CHICAGO — After more than four sometimes tumultuous years at the helm of the Chicago Police Department, Supt. Garry McCarthy was asked to resign Tuesday by Mayor Rahm Emanuel, who said his top cop had become a distraction amid the furor over the police slaying of a teen.
McCarthy and Emanuel have been under pressure after the release of a dashcam video showing an on-duty police officer shooting Laquan McDonald 16 times in October 2014. The officer in the case was charged with murder.
When asked what his $260,004-a-year superintendent did wrong, Emanuel said, "He has become an issue rather than dealing with the issue, and a distraction."
"This morning, I formally asked for his resignation," Emanuel told reporters at City Hall. "Now is the time for fresh eyes and new leadership."
McCarthy's top deputy, John Escalante, will serve as acting superintendent while the city searches for a replacement.
Emanuel said he had met with McCarthy over the weekend about how "the public trust has been shaken and eroded."
On Tuesday morning, he asked for McCarthy's resignation, the mayor said.
McCarthy left City Hall shortly before 9 a.m. looking extremely dour.
Sun-Times columnist Michael Sneed first reported the dismissal.
McCarthy, 56, was appointed in May 2011 as one of the top hires of Emanuel's new administration. McCarthy had previously been chief of police in Newark and held executive positions in the New York Police Department.
McCarthy was a stark contrast to his predecessor, Jody Weis, a former FBI boss who never had the full support of the rank-and-file police officers. McCarthy enjoyed a warm reception in Chicago, for a time.
McCarthy had spent Tuesday morning making a number of media appearances, speaking on morning news programs and defending his actions in the shooting case of McDonald, a 17-year-old African-American who was shot by Officer Jason Van Dyke in October 2014. That shooting was captured on a dashboard camera in a police SUV and, under court order, was released to the public last week, setting off days of protest.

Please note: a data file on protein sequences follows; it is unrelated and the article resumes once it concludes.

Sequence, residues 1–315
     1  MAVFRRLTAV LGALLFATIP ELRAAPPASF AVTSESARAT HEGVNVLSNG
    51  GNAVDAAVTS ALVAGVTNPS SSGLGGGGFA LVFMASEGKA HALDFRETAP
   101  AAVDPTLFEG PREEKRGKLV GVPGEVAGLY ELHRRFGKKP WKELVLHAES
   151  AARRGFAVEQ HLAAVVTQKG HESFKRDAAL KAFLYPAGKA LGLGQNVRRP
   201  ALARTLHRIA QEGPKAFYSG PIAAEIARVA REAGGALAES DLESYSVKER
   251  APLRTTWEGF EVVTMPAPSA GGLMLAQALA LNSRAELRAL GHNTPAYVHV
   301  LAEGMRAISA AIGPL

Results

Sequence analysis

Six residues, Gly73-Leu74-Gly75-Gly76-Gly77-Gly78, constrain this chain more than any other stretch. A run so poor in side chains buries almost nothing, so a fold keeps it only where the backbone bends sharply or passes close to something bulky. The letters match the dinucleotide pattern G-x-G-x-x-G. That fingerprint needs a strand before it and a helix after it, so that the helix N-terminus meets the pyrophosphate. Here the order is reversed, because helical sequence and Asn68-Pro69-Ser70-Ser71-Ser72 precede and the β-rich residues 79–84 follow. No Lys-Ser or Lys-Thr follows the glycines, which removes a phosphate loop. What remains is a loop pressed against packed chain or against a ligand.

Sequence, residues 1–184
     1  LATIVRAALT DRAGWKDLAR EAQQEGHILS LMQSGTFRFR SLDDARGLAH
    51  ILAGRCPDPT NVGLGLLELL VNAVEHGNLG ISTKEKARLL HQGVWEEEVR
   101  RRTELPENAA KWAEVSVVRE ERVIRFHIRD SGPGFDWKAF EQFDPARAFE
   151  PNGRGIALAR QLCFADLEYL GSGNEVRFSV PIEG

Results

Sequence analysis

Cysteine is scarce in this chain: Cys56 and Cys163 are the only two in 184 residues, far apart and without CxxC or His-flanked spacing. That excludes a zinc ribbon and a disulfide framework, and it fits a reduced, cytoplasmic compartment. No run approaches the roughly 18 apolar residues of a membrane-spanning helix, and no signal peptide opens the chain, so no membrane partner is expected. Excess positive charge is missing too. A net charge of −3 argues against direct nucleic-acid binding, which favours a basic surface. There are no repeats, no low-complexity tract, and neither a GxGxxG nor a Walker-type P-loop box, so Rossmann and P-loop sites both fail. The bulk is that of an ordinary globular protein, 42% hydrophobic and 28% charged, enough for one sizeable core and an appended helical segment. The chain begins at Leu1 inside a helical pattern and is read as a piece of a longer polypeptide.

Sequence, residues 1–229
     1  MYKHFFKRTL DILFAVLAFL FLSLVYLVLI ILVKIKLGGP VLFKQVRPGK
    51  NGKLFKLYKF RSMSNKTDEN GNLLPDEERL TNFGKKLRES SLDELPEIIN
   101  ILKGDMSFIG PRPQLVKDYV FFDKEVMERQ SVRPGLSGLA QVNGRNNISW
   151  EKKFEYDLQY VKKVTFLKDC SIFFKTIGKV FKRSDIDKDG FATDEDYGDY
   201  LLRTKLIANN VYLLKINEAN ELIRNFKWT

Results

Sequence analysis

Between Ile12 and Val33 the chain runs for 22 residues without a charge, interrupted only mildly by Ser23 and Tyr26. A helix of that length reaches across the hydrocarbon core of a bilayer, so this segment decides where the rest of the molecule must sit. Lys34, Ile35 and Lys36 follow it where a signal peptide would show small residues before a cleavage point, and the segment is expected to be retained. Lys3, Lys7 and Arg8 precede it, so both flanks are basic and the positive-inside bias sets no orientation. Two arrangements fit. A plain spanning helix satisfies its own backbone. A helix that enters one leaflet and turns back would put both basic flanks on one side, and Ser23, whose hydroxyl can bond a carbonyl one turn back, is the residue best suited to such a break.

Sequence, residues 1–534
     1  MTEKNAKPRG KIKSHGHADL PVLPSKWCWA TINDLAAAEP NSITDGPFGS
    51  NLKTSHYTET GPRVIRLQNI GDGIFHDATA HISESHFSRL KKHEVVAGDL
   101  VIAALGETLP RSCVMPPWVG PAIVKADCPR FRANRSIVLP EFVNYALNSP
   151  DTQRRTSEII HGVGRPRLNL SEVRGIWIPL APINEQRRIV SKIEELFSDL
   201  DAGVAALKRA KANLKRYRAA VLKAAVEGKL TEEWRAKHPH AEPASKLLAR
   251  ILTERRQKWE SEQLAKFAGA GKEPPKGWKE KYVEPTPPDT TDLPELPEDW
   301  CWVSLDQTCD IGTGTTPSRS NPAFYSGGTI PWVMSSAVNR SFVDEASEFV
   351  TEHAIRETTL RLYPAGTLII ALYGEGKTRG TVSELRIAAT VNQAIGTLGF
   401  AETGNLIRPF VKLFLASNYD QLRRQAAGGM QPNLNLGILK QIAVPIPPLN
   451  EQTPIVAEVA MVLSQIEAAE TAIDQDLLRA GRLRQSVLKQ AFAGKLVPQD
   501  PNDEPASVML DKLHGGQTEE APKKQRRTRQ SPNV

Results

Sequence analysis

McCarthy told CBS Monday that his "hands were tied" in the McDonald case.
“I couldn't fire him. I couldn’t put him in a ‘no pay’ status. I couldn’t discipline him. That’s the law,” he told the station. “It was not the Chicago Police Department investigating this incident.”
During the Tuesday news conference, Emanuel praised McCarthy's "excellent" record and credited him for the lowest overall crime rate on record in Chicago. The mayor added that, in the current situation, "I'm responsible. I don't shirk that responsibility."
"But Supt. McCarthy knows that a police officer is only as effective as when he has the trust of those he serves," Emanuel added. "After this weekend, after effectively handling both the protests that followed the release of the McDonald video last week and the arrest of Tyshawn's killers, Supt. McCarthy and I began a discussion on Sunday about the undeniable fact that the public trust in the leadership of the department has been shaken and eroded."